Understanding the genomes of weird and wonderful plants

From identifying leaves to creating a plant sequencing lab

Todd Michael’s love of plants can be traced as far back as the seventh grade. Tasked with collecting and identifying leaves, he became fascinated by the differences between trees — their diverse shapes and sizes. He recalls how ‘I became really fascinated with this idea that there must be a code in there that makes trees and plants be different.’ Set on investigating this further, Todd asked his guidance counsellor whether there was a job that would allow him to figure out this code, only to be told that ‘that’s not a thing’, to perhaps try engineering. Undeterred, Todd’s fascination continued, and he began to collect and grow seedlings — a habit he maintains to this day.

‘My back yard is full of unique plants that I’ve collected. Always, when I sequence a plant, I have it growing somewhere: either at my house or at the lab.’

By the time Todd started his PhD at Dartmouth College (USA), the project to sequence the Arabidopsis genome for the first time had only just begun. He chose to study the circadian clock; Todd highlights the importance of this underlying mechanism in enabling plants to leverage the time of day: ‘plants can’t move, so they pretty much have to bundle everything together into their genetics… to survive in one place.’ After continuing his research at the Salk Institute for Biological Studies, Todd had the opportunity to start his own lab and genome centre at Rutgers University, where he began to integrate plant genome sequencing into his work. Since then, Todd has headed up sequencing centres across several companies and institutions, where he has sequenced and analysed numerous, diverse plant genomes. His goal, then and now, is ‘to find all these weird plants that are doing interesting things, and then sequence their genomes and try to understand: how has their genome evolved to do these special things?’

What makes a 'weird plant'?

Todd and his team consider several features when choosing plants to sequence. Firstly, they look for those with unusual morphological features — ranging from the corkscrew leaves of the carnivorous plant Genlisea, to the tiny, aquatic duckweed, the fastest growing plant on Earth. Todd shares the example of Welwitschia: a plant that exists only in the Namib desert which, despite living for as long as 8,000 years, produces only two leaves. During the day, Welwitschia’s leaves act ‘like big sponges’, with morphological changes enabling them to suck in water through their stomata. Welwitschia is one of many plants in which Todd is investigating telomere length using long nanopore sequencing reads. Despite its longevity, sequencing revealed the plant to have relatively modest telomeres — much shorter than trees and some species that are primarily propagated clonally, such as cannabis.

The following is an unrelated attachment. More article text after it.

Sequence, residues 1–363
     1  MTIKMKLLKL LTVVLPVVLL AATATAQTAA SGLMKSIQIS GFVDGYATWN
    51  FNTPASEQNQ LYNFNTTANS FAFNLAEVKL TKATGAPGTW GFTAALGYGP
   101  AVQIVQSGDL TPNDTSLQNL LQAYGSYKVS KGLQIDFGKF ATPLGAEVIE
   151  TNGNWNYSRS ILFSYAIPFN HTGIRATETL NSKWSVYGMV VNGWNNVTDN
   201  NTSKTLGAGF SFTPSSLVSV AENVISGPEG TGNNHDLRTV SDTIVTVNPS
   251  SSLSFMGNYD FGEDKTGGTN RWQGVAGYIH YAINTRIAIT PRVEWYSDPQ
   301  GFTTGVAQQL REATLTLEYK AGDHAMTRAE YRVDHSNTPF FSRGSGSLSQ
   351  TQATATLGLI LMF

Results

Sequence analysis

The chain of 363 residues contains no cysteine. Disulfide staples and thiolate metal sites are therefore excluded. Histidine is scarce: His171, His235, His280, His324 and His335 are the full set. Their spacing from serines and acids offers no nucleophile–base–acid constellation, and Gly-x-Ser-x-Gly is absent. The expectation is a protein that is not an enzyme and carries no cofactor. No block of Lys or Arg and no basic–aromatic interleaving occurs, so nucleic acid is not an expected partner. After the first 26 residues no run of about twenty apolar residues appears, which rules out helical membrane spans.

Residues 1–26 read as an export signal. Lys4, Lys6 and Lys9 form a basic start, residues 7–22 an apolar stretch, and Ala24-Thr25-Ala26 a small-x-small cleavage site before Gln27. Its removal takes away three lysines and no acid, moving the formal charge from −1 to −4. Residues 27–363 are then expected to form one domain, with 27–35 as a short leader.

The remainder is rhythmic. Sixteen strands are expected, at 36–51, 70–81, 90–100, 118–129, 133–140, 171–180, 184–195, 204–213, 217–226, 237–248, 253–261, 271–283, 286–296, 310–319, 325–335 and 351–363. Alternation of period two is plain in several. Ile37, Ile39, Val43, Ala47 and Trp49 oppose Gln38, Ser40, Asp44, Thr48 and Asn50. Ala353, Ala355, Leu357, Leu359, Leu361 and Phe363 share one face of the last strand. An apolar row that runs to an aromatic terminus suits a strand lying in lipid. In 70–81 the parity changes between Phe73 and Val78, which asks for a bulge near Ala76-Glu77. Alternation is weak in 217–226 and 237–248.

A Welwitschia plant. Image credit: Todd Michael.

Secondly, the team are interested in how different types of photosynthesis have evolved. They recently published the genome sequence of Isoetes: a lycophyte that is able to perform CAM photosynthesis underwater, despite this mechanism generally occurring in plants growing in dry regions1. Todd explains: ‘it turns out it’s just about water use efficiency and, specifically, carbon availability. Plants solve the problem the best way possible’. Finally, they consider the size of plant genomes — Genlisea and Utricularia, for example, have the smallest known genomes of flowering plants.

A Genlisea plant. Image credit: Todd Michael.

Todd’s work with plant genomes also encompasses the identification and sequencing of new plant model organisms. What makes a good model organism? Todd explains that no single organism can fulfil every aspect that may be required; it depends on the biological question being asked. One example is Wolffia, a duckweed comprised of only ~4,000 cells, which can double in under a day. Wolffia features about half of the typical number of genes found in plant genomes, yet retains all the core gene families. Where most plants have evolved by whole-genome duplication and then subsequently purge some of their paralogous genes, Wolffia has ‘basically purged everything, right down to the core gene set’. This makes Wolffia an ideal model system for knock-out studies, whilst its lack of organs could make it a candidate chassis for synthetic biology2.